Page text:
Monsieur Lazhar

Monsieur Lazhar

Monsieur Lazhar

French Canadian classroom drama, nominated for Best Foreign Language Film at the 2012 Academy Awards. After an intermediate school teacher's abrupt demise, an eccentric replacement tries to stabilise the emotionally distraught class. 

Bachir is an Algerian immigrant, trying to find a decent teaching job in Montreal when a perfect opportunity arises - but under tragic circumstances. With a classroom full of children going through a confusing time, Bachir tries to help them using the power of self-expression and his own personal loss to guide them.

Best Canadian Film at the Toronto International Film Festival 2011.
2011Rating: M, for mature thematic material, a disturbing image and brief language94 minsCanadaFrench with English subtitles
ComedyDramaWorld Cinema
Director:
Philippe Falardeau ('It's Not Me, I Swear!', 'Congorama', 'The Left-Hand Side of the Fridge')
Writer:
Philippe Falardeau
Cast:
Mohamed FellagSophie NélisseÉmilien NéronDanielle Proulx

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Monsieur Lazhar / Reviews

Variety

Variety

Quietly intelligent and respectable, much like its protagonist.

Full review
Total Film

Total Film

The result is a shrewd look at classroom etiquette and an achingly sad study of grief-stricken solitude, built on ace performances by Fellag and the kids-especially 11-year-old scene stealer Sophie Nélisse.

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The Guardian

The Guardian

Only the most obstreperous delinquent could fail to be charmed by Monsieur Lazhar, in which an Algerian refugee plays ramshackle Mary Poppins to the kids at a Montreal primary.

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Slant Magazine

Slant Magazine

Though its story may sound formulaic on paper, please take my word for it: 'Monsieur Lazhar', written and directed by Philippe Falardeau, is a sharply intelligent, deeply sad, and not remotely sappy film about both teaching and collective grief.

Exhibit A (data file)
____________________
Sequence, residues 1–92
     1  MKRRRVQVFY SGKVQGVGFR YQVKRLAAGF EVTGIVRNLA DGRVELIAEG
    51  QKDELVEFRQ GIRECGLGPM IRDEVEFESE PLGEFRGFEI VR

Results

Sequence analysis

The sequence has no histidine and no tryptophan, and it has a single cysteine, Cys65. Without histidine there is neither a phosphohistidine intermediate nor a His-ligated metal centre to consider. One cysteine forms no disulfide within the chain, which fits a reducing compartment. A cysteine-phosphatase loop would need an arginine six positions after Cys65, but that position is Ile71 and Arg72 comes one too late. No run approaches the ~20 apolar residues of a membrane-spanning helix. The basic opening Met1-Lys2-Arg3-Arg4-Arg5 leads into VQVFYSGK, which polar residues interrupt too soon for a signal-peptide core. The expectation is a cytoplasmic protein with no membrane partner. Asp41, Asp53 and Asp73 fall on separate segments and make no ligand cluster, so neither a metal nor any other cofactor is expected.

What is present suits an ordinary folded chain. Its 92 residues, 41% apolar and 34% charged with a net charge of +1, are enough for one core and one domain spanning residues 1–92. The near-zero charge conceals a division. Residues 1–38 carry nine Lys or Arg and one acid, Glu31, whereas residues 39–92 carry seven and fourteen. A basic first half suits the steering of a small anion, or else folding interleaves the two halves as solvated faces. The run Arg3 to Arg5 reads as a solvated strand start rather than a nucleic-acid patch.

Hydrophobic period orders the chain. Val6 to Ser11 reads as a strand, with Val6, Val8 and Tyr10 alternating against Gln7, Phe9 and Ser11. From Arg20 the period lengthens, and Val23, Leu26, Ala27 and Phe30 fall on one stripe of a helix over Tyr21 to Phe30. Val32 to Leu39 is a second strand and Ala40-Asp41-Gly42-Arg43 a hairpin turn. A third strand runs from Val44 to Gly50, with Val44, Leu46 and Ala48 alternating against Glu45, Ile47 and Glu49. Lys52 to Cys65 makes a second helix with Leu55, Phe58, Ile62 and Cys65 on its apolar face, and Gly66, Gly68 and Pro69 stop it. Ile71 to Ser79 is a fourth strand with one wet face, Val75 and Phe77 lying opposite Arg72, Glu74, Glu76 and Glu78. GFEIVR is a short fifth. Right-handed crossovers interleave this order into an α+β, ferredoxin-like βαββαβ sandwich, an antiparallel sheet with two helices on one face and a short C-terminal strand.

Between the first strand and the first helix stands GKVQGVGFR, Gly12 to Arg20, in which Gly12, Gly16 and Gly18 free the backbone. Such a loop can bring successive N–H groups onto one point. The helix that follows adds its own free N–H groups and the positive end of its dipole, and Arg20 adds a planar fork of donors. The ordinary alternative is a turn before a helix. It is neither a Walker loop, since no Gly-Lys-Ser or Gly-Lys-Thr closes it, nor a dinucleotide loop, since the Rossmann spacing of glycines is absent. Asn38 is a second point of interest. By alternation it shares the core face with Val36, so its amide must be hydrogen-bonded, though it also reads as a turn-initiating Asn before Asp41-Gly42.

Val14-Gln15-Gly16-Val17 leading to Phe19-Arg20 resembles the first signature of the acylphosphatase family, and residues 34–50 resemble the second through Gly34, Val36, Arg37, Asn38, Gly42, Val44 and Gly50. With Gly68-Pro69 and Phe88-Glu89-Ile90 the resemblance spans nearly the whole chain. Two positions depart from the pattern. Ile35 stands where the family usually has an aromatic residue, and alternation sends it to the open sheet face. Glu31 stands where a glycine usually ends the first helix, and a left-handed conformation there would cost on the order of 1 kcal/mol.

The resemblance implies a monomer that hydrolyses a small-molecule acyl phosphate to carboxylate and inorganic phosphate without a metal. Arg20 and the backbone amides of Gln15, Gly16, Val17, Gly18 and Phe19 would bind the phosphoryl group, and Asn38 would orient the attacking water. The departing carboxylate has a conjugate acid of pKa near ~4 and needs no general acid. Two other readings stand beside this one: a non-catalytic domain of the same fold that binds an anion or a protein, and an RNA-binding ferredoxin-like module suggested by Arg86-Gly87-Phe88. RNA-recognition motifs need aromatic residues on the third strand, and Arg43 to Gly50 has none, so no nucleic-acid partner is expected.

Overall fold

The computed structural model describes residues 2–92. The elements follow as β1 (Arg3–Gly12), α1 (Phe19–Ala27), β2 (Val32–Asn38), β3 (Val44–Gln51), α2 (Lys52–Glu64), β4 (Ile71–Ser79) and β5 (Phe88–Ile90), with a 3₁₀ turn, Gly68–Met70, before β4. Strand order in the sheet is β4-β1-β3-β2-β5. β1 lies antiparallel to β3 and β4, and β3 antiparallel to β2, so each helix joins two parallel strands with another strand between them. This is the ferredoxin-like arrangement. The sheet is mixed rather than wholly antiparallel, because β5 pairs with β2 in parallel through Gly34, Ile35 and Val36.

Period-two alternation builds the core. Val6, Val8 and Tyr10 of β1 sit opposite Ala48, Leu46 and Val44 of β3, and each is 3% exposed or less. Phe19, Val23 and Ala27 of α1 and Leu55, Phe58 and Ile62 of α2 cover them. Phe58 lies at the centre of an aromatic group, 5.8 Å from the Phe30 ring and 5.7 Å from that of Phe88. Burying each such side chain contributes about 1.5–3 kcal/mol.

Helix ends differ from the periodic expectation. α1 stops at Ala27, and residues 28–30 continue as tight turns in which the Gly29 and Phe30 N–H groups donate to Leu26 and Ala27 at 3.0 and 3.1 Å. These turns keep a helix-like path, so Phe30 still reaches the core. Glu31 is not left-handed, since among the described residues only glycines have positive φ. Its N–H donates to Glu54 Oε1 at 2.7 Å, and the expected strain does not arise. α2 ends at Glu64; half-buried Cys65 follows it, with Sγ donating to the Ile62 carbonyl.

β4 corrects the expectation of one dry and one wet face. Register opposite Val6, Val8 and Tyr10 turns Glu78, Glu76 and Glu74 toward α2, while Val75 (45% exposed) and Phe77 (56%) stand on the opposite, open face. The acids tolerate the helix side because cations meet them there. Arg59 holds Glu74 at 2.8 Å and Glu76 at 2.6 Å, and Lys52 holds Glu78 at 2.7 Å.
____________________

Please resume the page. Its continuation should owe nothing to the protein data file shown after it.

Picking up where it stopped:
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Roger Ebert

Roger Ebert

One of the qualities of 'Monsieur Lazhar' is that it has no simple questions and simple answers. Its purpose is to present us with a situation, explore the people involved and show us a man who is dealing with his own deep hurts.

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Los Angeles Times

Los Angeles Times

This film deals almost casually with a range of issues and themes, handling with a light and even affectionate touch weighty subjects like grief, guilt, community and love.

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Hollywood Reporter

Hollywood Reporter

Canada's foreign-language submission is a searing classroom drama about grief that should be an Oscar front-runner.

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Empire Magazine

Empire Magazine

An Oscar nominee at this year's Academy Awards and for good reason, Falardeau's film is moving, smart and sensitive. Terrific stuff, in short.

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